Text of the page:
Here are the most important questions about the current inflation wave:

  1. Are lots of things more expensive than they used to be (and are they going to stay that way)?
  2. Will prices keep rising over the next few years?

The second question has been the subject of a seemingly unending stream of analysis and debate this year. Prices of financial assets depend a lot on expectations of future inflation, so it’s understandably of great interest to investors. Keeping inflation from spiraling out of control is a key job of central banks, so it’s also of interest to central bankers, the economists who wish to influence them and the investors who watch their every move. The business and financial media cater to these people and rely on them as sources, so this is the question that dominates our coverage too.

It’s a not-unimportant question for people outside these circles too. Your opinion on whether, say, car prices will keep rising over the next few years will shape your near-term buying and selling decisions. Still, my impression is that potential future inflation is much less important to most of us in our daily lives than the fact of higher prices now. Things cost more, which is tough for many people. And while this is getting some attention in the media, it’s far less than what’s being devoted to the question of whether inflation will be high in the future.

So let’s give it some attention! The answer to the question of whether prices are higher is, of course, yes — 5.4 per cent higher than a year ago, as of July — and the answer to whether they will stay that high is almost certainly also yes. There are some consumer items, mostly commodity-based, that will on occasion go down in price by as much as they’ve risen. But most of the things we spend our money on don’t do that. As an illustration, here’s how the consumer price indexes for gasoline and rent have moved since 2005.

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It’s this volatility of energy prices that causes monetary policy-makers to focus on measures of core inflation that exclude energy and food. The reasoning is that core inflation is a better indication of the inflationary trend, and thus a better predictor of future inflation. Which makes sense, although it understandably irks people during periods of rising energy and/or food prices that policy-makers choose to focus on the core instead.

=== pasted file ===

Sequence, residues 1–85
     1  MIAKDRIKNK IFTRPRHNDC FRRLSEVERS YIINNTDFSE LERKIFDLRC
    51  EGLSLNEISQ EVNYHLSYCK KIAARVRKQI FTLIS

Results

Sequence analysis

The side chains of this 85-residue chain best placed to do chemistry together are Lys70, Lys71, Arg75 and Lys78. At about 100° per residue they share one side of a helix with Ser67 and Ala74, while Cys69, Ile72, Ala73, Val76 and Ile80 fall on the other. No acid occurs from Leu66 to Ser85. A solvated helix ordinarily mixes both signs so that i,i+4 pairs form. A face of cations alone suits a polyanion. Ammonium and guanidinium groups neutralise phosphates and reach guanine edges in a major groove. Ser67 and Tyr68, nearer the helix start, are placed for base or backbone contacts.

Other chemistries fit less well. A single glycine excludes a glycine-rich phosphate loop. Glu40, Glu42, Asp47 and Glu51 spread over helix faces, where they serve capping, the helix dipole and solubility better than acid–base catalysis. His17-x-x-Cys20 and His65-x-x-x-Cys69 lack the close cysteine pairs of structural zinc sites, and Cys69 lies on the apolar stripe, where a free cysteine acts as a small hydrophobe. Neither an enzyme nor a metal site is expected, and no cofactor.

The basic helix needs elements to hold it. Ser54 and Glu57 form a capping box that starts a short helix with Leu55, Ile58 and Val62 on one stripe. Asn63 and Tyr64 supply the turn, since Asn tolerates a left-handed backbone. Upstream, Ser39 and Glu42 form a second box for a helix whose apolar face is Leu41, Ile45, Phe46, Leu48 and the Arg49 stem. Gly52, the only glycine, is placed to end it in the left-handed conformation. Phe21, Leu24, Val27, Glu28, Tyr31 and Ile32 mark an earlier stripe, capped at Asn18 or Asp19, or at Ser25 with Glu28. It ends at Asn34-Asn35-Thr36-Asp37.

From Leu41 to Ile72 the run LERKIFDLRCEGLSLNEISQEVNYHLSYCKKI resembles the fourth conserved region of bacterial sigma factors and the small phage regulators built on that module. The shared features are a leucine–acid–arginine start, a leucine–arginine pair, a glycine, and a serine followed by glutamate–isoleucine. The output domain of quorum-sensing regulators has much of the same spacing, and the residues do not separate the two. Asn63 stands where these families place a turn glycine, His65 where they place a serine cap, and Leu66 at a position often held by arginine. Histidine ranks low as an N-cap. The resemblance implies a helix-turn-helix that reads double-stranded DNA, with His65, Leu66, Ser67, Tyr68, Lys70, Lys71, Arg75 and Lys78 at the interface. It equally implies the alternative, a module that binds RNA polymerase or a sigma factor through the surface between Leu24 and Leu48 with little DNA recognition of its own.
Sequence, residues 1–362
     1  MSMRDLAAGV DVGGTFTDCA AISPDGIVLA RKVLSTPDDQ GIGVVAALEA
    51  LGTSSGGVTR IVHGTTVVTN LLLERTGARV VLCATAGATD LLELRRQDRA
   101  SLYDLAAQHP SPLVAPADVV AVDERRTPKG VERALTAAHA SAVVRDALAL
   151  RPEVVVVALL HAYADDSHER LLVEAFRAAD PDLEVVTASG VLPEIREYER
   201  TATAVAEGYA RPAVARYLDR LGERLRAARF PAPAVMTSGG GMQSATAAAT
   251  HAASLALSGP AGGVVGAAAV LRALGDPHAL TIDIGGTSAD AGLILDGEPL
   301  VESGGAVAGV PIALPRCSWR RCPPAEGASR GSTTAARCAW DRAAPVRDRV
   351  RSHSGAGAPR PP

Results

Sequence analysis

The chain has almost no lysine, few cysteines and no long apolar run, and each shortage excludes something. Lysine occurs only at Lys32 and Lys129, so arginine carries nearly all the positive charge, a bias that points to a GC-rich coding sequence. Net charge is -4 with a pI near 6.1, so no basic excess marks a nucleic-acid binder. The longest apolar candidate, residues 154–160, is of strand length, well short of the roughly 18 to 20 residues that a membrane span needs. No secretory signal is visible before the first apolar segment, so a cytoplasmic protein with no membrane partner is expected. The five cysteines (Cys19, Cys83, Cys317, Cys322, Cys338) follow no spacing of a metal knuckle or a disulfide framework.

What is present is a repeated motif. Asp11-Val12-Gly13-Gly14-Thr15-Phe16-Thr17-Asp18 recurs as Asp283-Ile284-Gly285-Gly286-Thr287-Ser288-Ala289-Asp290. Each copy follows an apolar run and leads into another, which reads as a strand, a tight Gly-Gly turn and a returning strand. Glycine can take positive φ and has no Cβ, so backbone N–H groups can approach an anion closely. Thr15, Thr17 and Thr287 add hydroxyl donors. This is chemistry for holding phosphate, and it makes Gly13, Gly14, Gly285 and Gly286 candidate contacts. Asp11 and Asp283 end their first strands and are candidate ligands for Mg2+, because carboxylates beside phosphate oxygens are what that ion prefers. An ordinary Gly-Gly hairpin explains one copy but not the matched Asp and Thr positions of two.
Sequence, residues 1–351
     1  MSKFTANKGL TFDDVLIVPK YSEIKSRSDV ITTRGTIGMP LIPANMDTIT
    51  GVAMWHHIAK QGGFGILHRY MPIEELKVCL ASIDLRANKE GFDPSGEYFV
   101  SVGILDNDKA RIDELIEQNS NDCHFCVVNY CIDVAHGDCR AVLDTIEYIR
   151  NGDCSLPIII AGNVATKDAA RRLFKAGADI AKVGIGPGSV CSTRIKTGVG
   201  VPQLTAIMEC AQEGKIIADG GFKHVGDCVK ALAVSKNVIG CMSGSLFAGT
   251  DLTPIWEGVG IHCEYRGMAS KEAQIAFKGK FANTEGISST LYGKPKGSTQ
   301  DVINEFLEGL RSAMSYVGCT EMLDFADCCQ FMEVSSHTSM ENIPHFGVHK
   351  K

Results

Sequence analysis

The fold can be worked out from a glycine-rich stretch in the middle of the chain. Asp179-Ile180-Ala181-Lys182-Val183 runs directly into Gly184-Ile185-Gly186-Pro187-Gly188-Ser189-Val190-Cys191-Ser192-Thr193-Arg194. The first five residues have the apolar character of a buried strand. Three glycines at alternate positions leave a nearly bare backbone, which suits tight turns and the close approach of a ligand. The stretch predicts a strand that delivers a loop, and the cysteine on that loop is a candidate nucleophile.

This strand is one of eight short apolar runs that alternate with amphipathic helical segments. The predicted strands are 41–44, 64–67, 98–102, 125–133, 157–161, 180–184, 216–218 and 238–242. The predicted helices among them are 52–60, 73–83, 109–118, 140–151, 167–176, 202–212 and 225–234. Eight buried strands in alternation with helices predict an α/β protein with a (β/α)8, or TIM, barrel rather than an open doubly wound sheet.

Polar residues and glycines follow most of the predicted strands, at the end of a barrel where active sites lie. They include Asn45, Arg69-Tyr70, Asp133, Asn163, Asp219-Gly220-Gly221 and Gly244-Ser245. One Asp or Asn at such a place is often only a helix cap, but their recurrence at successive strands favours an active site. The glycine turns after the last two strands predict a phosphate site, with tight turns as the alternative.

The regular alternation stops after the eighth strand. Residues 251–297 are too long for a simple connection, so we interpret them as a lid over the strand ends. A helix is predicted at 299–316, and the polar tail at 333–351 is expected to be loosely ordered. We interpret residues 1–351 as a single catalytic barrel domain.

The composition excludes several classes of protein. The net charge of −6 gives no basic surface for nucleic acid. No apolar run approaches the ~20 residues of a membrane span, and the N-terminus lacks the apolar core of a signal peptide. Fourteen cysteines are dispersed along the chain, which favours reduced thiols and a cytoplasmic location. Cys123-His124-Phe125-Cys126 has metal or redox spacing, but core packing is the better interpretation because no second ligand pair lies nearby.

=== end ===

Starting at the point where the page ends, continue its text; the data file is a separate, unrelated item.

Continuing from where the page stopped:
Right now, headline inflation and core inflation aren’t that far apart, with the Consumer Price Index excluding food and energy up 4.3 per cent year-over-year. True, nearly a third of that (if I’ve done my calculations correctly) was due to the skyrocketing price of used cars, which have experienced some pretty unique supply-and-demand dynamics over the past year. Their prices barely budged from June to July and will probably subside somewhat in coming months, as may some other “core” inflation components that have been affected by pandemic supply-chain issues.

“As supply problems have begun to resolve, inflation in durable goods other than autos has now slowed and may be starting to fall,” Federal Reserve Chairman Jay Powell said in his big Jackson Hole speech on Friday. “It seems unlikely that durables inflation will continue to contribute importantly over time to overall inflation.” He also noted that durables prices had declined in recent decades. He did not, however, say he expected prices to revert to what they were before the pandemic.

This actually used to happen. There were several big inflationary episodes in the U.S. before the 20th century, but prices fell afterwards and the overall U.S. price level in 1900 was about the same as in 1776.

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In 1913 Congress created the Federal Reserve system. Since then there have been two major deflations, in 1921 and in the early 1930s, but neither brought the consumer price index back down to the 1900 level. The Great Depression did bring prices back down to where they’d been in 1917, and the consequences for an industrial economy with lots of business and consumer debt turned out to be pretty awful, as economist Irving Fisher explained in his influential 1933 article, “The Debt-Deflation Theory of Great Depressions.” Ever since, central bankers have been doing what they can to avoid significant deflation.

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The bargain the central bankers have struck seems reasonable enough, as long as they don’t make too many mistakes like in the 1970s when inflation got truly out of hand. But it means that most of this year’s price increases are likely to stick. Incomes are going up too, with employers boosting wages to fill a record 10.1 million job openings and next year’s Social Security payments likely to include a cost-of-living adjustment of more than 6 per cent. In the short term consumers are able to buy less, though, and too much of an upward income adjustment risks creating a spiral in which price increases continue into the future.

The current consensus of the many smart people debating and analyzing these matters seems to be that the spiral won’t develop and inflation will settle down soon. I think that’s probably right, although I wouldn’t be too confident about it given that the consensus generally underestimated how bad inflation would get this year. While we’re waiting to find out what inflation does in the future, though, it is undeniable that things cost more now, and that’s no fun.